BROADBAND ANTENNA WITH MULTIPLE ASSOCIATED PATCHES AND COPLANAR GROUNDING FOR RFID APPLICATIONS
Described herein is an antenna for use with a radio frequency identification system, the antenna including a reference ground; an antenna feed; a primary patch antenna element for mid-field transmission and reception of one of HP and UHF signals, wherein the primary patch antenna element is electrically coupled to the antenna feed; and one or more additional patch antenna elements for mid-field transmission and reception of the one of HF and UHF broadband signals, wherein each of the one or more additional patch antenna elements is electrically connected to an edge of the primary patch antenna element for transmission and reception of the one of HF and UHF signals. The one or more additional patch antenna elements provide for gain enhancement of the one of HF and UHF signals.
This application claims the benefit of provisional U.S. Patent Application Ser. No. 61/059,665, filed on Jun. 6, 2008, and is a continuation-in-part of U.S. patent application Ser. No. 12/247,994, filed Oct. 8, 2008 for “RFID Patch Antenna with Coplanar Reference Ground and Floating grounds,” which claims the benefit of provisional U.S. Patent Application Ser. No. 60/978,389, filed on Oct. 8, 2007, the disclosures of which are incorporated herein by reference in their entirety.FIELD OF THE INVENTION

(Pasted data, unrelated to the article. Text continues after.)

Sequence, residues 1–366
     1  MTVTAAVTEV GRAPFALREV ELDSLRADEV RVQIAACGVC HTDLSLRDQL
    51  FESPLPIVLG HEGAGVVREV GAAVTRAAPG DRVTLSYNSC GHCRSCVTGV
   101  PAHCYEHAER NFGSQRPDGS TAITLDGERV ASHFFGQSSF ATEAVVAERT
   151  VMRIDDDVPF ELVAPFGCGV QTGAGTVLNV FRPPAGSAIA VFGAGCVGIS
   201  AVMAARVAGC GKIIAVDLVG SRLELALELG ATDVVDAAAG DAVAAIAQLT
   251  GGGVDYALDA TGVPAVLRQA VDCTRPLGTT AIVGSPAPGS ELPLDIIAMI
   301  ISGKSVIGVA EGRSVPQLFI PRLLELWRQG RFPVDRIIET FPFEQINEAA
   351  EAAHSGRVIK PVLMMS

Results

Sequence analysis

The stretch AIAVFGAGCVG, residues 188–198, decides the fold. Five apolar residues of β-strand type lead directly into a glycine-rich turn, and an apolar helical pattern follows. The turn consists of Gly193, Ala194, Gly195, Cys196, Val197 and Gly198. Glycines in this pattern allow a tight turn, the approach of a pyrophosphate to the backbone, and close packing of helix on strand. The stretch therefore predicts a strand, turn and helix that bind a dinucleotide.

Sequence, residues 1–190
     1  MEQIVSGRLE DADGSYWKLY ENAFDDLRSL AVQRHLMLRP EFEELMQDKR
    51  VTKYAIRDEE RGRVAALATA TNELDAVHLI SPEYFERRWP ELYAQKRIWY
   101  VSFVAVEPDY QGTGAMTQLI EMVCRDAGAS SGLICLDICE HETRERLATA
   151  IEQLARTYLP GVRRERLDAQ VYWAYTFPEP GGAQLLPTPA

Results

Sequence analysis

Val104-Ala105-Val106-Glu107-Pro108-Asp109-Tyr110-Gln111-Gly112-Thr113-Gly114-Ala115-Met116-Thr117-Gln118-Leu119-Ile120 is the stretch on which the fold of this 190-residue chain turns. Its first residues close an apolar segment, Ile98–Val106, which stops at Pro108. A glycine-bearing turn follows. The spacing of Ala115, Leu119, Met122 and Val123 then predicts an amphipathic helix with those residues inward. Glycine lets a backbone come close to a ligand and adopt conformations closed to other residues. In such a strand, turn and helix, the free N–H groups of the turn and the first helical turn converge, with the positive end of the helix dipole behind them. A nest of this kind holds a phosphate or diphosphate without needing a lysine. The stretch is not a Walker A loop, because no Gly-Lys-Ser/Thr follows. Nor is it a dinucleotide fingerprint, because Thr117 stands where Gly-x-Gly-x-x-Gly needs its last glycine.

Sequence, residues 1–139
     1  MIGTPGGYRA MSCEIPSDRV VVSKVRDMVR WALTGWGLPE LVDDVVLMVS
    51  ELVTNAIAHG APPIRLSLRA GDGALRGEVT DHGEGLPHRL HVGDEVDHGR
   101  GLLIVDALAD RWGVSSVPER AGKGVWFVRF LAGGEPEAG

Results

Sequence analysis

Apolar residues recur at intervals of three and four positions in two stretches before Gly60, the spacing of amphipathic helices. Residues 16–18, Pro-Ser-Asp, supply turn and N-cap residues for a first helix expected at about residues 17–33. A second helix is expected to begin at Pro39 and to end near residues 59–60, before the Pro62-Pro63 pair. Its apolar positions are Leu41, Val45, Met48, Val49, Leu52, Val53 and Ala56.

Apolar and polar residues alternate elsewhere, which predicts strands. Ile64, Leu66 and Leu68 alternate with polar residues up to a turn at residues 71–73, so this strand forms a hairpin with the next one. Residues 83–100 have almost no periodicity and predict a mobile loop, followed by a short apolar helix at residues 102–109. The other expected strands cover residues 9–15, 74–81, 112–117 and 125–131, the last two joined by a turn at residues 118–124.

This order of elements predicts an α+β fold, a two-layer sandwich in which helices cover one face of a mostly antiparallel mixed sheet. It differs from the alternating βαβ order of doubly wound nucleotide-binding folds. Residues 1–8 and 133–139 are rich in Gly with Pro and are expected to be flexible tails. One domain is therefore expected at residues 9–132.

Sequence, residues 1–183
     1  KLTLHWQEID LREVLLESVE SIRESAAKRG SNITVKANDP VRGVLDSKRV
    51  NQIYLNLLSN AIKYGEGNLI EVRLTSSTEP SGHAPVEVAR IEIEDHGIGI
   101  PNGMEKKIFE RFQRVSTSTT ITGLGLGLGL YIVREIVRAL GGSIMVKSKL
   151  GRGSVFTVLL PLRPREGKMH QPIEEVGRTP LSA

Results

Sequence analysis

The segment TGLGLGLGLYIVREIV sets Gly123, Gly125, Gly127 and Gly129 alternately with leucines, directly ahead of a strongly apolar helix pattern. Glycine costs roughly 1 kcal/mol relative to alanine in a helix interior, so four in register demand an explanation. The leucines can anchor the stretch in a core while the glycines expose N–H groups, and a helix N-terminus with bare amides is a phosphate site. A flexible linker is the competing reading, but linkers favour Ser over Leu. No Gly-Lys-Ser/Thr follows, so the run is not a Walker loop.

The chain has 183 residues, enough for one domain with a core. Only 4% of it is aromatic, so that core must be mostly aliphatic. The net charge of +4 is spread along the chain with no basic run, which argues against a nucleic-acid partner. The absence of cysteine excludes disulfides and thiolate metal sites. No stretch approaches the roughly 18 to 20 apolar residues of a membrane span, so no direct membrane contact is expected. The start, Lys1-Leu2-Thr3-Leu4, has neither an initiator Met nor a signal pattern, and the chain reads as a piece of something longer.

The present invention relates generally to a low-cost, low thickness, compact, wideband patch antenna with two or more connected radiating elements and reference ground conductor, all in the same geometric plane or closely spaced parallel planes, and optionally including a direct electrical short connection (DC closed short circuit) between the patch system and the ground conductor for the dissipation of electrostatic charge. Such a patch antenna or an array of such patch antennas has utility in radio frequency identification (RFID) applications in which UHF-band signals are passed between a reader (transceiver) and a tag (transponder) via the patch antenna. The invention is of particular use in RFID applications in which it is desirable to create a space with well-controlled directional UHF signal emission above a surface such as an RFID smart shelf, smart counter-top or other RFID-enabled surface, which space contains a collection of RFID tagged items, and such that the items in the space can be dependably read using UHF signals from the RFID reader attached to the antenna, while reducing the incidence and severity of null zones or locations in the space at which the UHF signals are too weak to communicate with RFID tags. The current invention with its improved bandwidth is of particular utility in situations in which items and material in the environment around the antenna greatly influence (i.e., de-tune, or cause a fatal shift of) the resonance frequency of conventional narrow-band prior art antennas away from the operating frequency of the tags and readers (transceivers).BACKGROUND ART